Weight Watchers has no operations in Burkina Faso or Venezuela or Sri Lanka or Somalia.  The reason is obvious.  The vast majority of people in those countries do not have an issue with being overweight.  Their challenge is to find enough food to sustain themselves.  And if you don’t believe that a nearly endless food supply makes America different and great – just ask Weight Watchers.









This is my country! Land of my birth!
This is my country! Grandest on earth!
I pledge thee my allegiance, America, the bold,
For this is my country to have and to hold.

What diff’rence if I hail from North or South
Or from the East or West?
My heart is filled with love for all of these.
I only know I swell with pride and deep within my breast
I thrill to see Old Glory paint the breeze.

With hand upon heart I thank the Lord For this my native land,
For all I love is here within her gates.
My soul is rooted deeply in the soil on which I stand,
For these are mine own United States.

This is my country! Land of my choice!
This is my country! Hear my proud voice!
I pledge thee my allegiance, America, the bold,
For this is my country! To have and to hold.






American pothead

Somewhere in California.




two gay men being stoned to death by isis

Somewhere in ISIS controlled Iraq.


It was a Christmas present from my mother to hers.  Perhaps you might not consider it to be a gift of significance, a mere change purse and, for that matter, one that looked like the one that Grandma had in service for a decade, but you would be misinformed.  There was no “accessory” that was more important to Grandma than this little black leather purse with the silver-like top and clasp.  It was at the center of her managing her finances – a matter that she took with the utmost seriousness.

Grocery shopping was an almost daily routine in Grandma’s life.  She reasoned, “Why would I stock up on produce which will only lose its freshness in the refrigerator if I can buy something daily at the produce stands?”  Of course, like most businesses then, the stands were closed on Sunday so Saturdays were particularly busy.  Most people who had the time seemed to share Grandma’s view on buying lettuce, tomatoes and cantaloupes.  It was a part of their daily lives.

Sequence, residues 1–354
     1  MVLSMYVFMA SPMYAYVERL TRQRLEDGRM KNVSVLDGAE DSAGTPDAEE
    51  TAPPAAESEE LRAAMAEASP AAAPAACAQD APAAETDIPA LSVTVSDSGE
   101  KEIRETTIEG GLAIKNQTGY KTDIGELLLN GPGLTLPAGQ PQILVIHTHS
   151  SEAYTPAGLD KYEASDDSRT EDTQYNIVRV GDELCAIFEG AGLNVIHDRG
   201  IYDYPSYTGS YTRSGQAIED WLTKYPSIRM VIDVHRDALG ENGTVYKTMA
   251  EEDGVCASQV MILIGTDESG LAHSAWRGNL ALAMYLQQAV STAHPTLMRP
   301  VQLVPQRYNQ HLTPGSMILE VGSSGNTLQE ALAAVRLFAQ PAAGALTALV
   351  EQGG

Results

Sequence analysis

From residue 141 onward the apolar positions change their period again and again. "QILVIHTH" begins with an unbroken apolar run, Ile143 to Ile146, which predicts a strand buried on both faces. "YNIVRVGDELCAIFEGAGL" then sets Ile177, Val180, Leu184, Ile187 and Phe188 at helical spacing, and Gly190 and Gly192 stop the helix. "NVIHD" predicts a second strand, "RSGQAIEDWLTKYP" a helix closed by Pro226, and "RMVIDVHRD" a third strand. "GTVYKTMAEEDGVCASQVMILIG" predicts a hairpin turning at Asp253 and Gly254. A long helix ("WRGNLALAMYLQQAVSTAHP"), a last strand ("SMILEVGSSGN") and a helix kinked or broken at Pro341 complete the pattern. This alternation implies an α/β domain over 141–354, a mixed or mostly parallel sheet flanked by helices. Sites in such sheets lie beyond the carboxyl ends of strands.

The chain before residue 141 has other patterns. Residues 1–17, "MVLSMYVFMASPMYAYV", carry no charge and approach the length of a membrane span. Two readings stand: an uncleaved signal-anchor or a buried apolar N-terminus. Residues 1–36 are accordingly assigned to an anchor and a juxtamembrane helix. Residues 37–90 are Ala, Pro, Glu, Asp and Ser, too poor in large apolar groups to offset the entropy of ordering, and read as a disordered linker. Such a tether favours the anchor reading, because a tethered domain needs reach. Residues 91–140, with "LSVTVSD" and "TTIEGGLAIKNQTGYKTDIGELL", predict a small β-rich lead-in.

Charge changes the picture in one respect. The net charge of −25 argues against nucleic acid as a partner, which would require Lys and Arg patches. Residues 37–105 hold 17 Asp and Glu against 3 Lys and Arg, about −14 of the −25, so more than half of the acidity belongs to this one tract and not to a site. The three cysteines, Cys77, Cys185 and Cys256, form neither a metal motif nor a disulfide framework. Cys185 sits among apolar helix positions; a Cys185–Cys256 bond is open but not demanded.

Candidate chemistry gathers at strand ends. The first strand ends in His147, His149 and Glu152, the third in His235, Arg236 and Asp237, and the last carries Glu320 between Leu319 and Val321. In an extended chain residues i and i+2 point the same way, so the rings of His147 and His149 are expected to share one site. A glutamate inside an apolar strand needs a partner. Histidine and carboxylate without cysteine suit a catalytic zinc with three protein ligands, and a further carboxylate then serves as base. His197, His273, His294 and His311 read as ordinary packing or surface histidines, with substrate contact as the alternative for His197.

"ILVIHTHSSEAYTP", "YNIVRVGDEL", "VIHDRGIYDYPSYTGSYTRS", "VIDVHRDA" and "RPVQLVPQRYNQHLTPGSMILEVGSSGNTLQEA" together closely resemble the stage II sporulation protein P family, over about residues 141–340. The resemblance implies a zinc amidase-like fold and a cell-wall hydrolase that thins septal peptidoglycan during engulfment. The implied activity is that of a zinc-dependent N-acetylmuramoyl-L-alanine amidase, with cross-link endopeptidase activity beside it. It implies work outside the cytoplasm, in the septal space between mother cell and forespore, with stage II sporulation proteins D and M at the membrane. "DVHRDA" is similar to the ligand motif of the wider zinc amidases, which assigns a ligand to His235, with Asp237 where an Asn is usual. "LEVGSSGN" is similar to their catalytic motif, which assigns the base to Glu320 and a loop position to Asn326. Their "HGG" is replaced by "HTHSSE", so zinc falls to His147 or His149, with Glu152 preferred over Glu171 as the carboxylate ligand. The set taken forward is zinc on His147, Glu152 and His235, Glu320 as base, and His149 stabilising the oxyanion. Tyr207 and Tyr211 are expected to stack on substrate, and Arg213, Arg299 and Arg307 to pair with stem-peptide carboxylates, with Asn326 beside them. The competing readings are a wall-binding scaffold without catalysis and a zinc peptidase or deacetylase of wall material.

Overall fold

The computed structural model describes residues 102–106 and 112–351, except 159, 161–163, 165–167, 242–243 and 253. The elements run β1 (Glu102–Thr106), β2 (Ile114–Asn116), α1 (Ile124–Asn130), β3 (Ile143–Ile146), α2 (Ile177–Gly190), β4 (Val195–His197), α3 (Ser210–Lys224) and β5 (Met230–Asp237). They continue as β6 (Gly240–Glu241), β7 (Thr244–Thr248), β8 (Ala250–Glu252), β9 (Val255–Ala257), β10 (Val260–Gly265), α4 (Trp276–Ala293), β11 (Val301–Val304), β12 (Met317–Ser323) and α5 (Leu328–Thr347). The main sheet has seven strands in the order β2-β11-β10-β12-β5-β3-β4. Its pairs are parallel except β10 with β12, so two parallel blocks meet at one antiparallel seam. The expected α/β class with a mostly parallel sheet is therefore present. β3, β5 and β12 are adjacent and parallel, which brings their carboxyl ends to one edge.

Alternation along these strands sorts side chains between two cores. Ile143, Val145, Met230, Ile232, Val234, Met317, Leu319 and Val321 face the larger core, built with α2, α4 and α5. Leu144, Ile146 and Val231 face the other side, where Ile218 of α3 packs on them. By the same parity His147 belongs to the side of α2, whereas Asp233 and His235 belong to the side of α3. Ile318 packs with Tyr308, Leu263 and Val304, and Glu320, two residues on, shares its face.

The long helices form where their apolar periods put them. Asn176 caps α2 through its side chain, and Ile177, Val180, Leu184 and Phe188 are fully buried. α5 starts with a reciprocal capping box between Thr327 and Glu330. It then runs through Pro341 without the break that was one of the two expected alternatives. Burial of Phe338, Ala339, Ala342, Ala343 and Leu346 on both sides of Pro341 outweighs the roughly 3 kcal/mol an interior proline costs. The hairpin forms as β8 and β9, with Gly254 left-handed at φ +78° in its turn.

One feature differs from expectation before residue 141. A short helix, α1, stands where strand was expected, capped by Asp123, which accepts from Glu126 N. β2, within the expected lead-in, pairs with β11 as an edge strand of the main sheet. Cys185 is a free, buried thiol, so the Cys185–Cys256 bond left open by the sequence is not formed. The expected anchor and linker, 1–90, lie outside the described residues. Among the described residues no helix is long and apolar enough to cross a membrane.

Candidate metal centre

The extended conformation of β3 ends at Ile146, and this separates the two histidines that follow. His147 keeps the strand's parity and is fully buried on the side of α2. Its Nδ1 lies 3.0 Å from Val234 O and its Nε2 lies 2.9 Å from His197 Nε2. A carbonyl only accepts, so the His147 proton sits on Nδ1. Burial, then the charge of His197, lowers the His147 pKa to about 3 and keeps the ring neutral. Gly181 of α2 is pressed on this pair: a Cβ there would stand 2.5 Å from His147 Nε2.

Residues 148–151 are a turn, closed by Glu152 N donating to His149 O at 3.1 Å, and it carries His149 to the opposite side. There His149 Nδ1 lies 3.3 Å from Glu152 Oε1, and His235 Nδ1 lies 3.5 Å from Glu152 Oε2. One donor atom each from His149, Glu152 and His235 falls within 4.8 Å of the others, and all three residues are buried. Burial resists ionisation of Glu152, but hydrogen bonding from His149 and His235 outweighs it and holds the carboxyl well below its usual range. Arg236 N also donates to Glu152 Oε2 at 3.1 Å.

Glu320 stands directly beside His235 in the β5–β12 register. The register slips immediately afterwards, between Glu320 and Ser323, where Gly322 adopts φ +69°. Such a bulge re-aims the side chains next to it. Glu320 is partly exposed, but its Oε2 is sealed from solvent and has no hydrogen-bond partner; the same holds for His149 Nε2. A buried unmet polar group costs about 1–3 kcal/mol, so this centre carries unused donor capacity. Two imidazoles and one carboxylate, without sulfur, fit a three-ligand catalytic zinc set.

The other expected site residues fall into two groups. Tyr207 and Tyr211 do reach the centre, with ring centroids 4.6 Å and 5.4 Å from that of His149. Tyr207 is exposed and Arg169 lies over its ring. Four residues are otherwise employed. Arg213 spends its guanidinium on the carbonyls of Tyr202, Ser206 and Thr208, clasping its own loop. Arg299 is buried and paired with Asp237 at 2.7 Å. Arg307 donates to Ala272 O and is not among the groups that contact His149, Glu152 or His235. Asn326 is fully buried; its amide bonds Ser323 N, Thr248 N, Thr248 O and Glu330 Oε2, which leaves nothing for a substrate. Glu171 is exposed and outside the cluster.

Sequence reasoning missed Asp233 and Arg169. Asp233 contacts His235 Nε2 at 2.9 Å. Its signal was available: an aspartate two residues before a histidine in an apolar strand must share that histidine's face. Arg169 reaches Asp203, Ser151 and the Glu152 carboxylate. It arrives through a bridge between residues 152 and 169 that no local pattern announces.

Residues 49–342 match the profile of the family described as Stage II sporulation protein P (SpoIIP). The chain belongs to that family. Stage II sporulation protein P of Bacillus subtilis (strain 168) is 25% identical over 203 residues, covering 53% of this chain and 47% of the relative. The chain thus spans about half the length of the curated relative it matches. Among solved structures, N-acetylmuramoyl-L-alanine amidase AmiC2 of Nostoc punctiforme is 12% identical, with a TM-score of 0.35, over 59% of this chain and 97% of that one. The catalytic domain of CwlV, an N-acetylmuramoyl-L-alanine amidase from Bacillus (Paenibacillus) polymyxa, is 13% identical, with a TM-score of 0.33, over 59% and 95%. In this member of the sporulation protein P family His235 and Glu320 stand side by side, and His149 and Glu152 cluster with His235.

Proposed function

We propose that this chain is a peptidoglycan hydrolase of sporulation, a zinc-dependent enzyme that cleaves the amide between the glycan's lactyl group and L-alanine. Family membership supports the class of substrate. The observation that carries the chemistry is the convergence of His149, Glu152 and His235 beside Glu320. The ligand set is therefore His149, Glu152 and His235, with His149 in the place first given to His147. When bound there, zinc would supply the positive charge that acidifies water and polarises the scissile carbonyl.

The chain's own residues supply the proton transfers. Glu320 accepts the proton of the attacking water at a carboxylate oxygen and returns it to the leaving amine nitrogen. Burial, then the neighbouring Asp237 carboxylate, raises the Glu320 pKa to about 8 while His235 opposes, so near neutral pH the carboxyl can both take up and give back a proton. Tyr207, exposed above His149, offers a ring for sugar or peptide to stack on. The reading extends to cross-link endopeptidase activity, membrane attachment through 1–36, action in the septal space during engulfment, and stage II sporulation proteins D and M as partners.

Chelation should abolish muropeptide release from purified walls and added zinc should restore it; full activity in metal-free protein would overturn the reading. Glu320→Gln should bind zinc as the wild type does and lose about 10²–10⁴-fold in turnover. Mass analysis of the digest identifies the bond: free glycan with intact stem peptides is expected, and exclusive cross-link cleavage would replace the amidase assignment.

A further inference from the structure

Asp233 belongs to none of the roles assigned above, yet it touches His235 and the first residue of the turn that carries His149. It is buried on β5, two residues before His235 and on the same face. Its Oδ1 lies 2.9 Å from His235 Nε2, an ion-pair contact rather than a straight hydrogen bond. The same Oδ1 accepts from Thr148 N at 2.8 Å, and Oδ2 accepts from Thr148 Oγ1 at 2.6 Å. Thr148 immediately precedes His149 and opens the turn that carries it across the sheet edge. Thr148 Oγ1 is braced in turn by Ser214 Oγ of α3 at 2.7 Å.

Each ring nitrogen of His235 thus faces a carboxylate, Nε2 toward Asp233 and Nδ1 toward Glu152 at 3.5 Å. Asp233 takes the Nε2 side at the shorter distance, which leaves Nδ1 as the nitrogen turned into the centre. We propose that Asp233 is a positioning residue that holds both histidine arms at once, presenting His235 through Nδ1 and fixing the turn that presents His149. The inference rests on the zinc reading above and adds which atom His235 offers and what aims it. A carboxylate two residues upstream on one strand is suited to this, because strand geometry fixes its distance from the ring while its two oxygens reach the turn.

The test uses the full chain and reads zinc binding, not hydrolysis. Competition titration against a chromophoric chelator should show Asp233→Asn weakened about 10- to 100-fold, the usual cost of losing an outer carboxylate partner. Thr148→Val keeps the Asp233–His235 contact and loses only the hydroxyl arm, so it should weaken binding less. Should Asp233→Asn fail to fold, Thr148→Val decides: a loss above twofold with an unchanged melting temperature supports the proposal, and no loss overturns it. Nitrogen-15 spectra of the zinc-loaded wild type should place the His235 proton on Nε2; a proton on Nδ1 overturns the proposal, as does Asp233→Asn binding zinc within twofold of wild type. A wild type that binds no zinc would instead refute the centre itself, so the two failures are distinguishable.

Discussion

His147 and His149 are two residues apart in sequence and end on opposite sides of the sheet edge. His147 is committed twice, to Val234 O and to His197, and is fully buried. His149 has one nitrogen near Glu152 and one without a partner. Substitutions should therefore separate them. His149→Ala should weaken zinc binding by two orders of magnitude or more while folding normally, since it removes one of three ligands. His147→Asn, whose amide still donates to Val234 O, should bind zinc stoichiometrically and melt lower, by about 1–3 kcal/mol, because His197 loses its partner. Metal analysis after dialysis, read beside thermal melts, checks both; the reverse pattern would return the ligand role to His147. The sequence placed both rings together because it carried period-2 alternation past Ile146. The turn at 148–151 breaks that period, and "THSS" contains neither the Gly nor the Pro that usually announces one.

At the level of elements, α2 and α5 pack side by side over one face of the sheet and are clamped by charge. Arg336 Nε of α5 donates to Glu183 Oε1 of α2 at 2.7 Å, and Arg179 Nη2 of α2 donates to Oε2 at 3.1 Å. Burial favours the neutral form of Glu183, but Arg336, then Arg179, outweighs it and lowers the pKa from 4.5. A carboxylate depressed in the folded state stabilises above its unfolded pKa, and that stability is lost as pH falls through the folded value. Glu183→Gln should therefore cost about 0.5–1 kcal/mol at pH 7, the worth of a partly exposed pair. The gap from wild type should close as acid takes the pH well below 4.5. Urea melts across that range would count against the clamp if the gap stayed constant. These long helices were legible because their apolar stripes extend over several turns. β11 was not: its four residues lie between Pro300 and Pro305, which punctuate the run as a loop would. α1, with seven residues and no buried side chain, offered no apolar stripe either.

When Grandma went to the store she would, of course, take her purse containing her little bit of monetary treasure.  The change purse, sometimes bulging with coins and sometimes quite slim, was always at the bottom of the purse, usually with a few other items placed on top of it, perhaps so that a potential purse snatcher might miss it in case he made a dash and grab.  The outer part of the purse had a zippered compartment in which the few bills that Grandma would take with her were carefully folded, the larger denominations, never more than a twenty, were nestled, secured inside the smaller bills.

When the clerk told her the total of her purchases, Grandma would reach in her purse, unbury the change purse from its hiding place, open the clasp and begin counting out change.  It was always better to try to pay for as much of the purchase with coins before having to resort to using paper.  Those bills were hard to come by.  But I wondered, “Where did all the money that filled that change purse come from in the first place?”  And then one day I found the answer.

On the third of each month, or the fourth if the third fell on a Sunday, a little group of our apartment building’s residents would assemble near the mail boxes in the downstairs hallway.  Our mailman, Mr. Shapiro, right on schedule, would appear promptly at nine thirty to distribute the mail to the forty boxes.  The group, including Grandma had two characteristics in common.  They all had gray (or very little) hair and they all were awaiting the arrival of their monthly social security checks.  Since we lived in one of the “A” apartments, our mail was deposited early on in this process which was a good thing since then Grandma could collect it and return to the chores she had set for himself to accomplish that day.

But how did that one piece of paper turn into all those coins and the green money with the pictures of presidents and other important people?  That was my first lesson in banking and finance.

Grandma bought all the groceries for our family of four and paid for them out of her social security check – a check that was for a little more than one hundred fifty dollars a month.  The Saturday after she received her check, she and I would make our way to Fourth Federal Savings and Loan Association to cash it.  Despite the fact that there was a bank just a few blocks away, she went to Fourth Federal because they paid an extra one quarter percent interest per year (four and one quarter percent) and because they credited all deposits which were made by the tenth of the month as if they had been made on the first.  Ten days of extra interest and a higher rate.  Despite her third grade formal education, Grandma understood the basics of economics and interest.